Elizabeth Thompson, DVM

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Elizabeth Thompson, DVM

Board Certified by the American College of Veterinary Surgeons

Dr. Elizabeth Thompson decided she wanted to be a veterinarian in 2nd grade after watching an episode of “Emergency Vets” on Animal Planet. She says, “I knew then that vet med would be the best way to impact the lives of both humans and animals alike due to the critical impact animals have on human quality of life.” Years later, Dr. Thompson graduated Suma Cum Laude as a Doctor of Veterinary Medicine from Kansas State University.

Originally from the San Francisco Bay area, Dr. Thompson moved to North Carolina in 2014 for her surgical residency at North Carolina State University. She is trained in all areas of surgery, including small animal soft tissue, orthopedic and neurologic. She has additional training in wound management techniques and minimal invasive surgical techniques.


  • Bachelor of Science, Microbiology, University of California Santa Barbara
  • Doctor of Veterinary Medicine, Kansas State University
  • Intern, Small animal medicine and surgery rotating, Purdue University
  • Residency, Small Animal Surgery, North Carolina State University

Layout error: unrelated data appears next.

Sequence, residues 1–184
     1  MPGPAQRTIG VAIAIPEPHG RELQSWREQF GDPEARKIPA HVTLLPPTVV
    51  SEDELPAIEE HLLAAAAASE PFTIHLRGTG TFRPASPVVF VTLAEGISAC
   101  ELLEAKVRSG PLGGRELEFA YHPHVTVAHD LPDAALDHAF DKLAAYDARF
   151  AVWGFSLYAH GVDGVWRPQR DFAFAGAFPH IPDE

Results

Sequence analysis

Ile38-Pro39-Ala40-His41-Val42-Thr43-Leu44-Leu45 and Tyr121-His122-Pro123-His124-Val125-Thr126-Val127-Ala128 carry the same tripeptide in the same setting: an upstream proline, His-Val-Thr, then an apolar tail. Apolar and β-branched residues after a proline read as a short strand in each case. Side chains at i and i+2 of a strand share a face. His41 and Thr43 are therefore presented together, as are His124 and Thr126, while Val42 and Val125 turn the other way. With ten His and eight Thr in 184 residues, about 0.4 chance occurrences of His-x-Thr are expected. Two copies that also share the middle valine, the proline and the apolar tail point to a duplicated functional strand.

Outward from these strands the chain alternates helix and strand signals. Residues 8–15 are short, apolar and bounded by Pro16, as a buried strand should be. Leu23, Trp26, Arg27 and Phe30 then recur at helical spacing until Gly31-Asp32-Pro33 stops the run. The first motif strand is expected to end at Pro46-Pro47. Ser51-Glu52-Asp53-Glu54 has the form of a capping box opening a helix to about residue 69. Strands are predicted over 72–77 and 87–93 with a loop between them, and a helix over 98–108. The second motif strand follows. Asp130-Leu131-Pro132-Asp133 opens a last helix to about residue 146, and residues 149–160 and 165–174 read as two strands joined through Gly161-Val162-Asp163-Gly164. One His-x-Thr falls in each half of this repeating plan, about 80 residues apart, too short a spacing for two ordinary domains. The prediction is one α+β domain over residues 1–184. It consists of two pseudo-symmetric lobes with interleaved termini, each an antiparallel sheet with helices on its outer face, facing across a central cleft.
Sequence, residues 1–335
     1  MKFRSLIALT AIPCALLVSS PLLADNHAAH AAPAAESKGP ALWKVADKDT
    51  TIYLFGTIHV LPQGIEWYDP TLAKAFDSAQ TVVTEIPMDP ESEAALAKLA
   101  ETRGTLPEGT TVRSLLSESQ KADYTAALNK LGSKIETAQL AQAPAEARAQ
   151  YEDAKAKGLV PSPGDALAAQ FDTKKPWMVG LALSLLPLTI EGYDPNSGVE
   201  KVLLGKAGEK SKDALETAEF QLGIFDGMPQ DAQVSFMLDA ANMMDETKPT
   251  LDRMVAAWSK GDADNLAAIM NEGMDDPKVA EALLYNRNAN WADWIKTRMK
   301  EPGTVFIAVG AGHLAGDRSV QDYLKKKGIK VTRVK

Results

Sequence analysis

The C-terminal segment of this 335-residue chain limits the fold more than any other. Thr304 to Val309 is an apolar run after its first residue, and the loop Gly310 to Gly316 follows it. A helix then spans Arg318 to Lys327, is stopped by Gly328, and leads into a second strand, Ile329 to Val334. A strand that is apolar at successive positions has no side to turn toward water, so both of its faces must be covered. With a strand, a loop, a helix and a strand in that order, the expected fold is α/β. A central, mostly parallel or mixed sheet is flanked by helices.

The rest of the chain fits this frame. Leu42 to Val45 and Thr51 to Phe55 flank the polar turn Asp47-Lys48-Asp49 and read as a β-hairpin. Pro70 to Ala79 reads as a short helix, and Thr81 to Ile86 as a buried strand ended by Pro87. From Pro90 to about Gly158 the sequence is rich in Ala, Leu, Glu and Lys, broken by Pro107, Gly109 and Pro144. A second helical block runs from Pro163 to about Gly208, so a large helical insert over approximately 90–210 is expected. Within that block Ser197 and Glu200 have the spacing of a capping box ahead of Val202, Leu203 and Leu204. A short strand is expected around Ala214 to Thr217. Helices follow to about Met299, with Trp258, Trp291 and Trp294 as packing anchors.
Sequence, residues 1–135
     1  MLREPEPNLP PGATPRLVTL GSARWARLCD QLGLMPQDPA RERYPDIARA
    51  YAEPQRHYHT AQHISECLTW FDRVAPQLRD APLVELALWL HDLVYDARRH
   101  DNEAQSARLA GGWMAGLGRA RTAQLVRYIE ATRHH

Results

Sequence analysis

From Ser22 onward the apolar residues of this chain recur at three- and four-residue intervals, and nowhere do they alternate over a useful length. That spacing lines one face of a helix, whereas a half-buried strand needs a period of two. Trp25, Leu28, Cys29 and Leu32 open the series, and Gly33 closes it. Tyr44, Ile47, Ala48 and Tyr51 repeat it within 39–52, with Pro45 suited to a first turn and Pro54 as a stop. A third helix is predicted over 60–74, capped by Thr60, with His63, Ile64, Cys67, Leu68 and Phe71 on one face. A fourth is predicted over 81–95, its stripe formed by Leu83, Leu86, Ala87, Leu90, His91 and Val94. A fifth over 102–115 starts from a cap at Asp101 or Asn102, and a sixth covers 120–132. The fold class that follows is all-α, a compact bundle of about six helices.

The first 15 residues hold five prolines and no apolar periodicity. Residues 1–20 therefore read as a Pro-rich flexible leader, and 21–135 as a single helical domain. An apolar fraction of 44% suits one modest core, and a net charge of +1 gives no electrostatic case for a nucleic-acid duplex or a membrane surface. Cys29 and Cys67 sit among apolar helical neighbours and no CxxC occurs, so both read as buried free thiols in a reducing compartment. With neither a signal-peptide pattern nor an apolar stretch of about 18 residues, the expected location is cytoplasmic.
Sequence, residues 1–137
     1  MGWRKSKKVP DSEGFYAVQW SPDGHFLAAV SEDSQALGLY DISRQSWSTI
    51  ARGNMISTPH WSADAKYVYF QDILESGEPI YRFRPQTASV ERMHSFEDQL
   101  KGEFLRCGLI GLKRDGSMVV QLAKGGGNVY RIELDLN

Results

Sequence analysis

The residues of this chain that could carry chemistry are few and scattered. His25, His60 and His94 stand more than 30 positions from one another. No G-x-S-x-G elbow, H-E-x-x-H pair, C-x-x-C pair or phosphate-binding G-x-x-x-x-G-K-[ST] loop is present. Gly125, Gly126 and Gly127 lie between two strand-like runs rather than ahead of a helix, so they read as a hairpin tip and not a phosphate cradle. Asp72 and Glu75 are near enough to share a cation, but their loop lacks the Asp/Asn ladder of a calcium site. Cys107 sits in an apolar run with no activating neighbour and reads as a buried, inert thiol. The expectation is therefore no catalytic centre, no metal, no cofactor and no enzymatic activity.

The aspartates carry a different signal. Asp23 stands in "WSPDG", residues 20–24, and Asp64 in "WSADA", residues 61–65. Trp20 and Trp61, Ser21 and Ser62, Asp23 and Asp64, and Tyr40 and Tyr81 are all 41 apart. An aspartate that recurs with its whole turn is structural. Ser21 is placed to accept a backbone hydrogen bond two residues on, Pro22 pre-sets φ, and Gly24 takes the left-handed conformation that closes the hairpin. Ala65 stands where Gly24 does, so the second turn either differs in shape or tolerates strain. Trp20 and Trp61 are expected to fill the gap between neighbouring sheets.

• Diplomate, American College of Veterinary Surgeons (Small Animal)


Published in the Journal of the American Hospital Association, American Journal of Veterinary Research, and Veterinary Clinics of North America


Emmie Lou, an American Cocker Spaniel and Tank, a Kelpie

Recent Blog Posts from Dr. Thompson

TPLO Surgery for CrCL Tears in Dogs: The Game-Changer

The cranial cruciate ligament (CrCL) tear is the most common orthopedic injury in dogs. This ligament is synonymous with the “ACL” in humans. In humans, the front of the body is called “anterior;” in dogs, the front is called “cranial.” In both species, the ligament...

Human and Canine Hearts: A Lot in Common

An old adage says owners start to look like their dogs after they spend a long time together. However true that may be, human and canine hearts have a lot in common when it comes to the way they work. They differ in certain physical ways, of course. The vena cava, the...

Limb Amputations for Dogs and Cats Are Less Scary Than They Seem

Hearing that your dog or cat needs a limb amputated seems frightening at first. How can pets cope with spending the rest of their days on three legs? Yet animals adjust surprisingly quickly to what veterinarians call “the tripod life” after limb amputations. You can...

When A Dog Needs ACL Surgery

The Cranial Cruciate Ligament (CrCL) is one of the most important stabilizers inside the canine knee joint, which is the middle joint in the back leg. The CrCL may also be known as the Anterior Cruciate Ligament or ACL because this is the equivalent in humans. In...

CARE Cares About Mental Health

Recent studies suggest that people who work in veterinary medicine are at a high risk for mental health disorders. At CARE, we take these studies very seriously. We have implemented policies and procedures to help any employee face disorders such as compassion fatigue...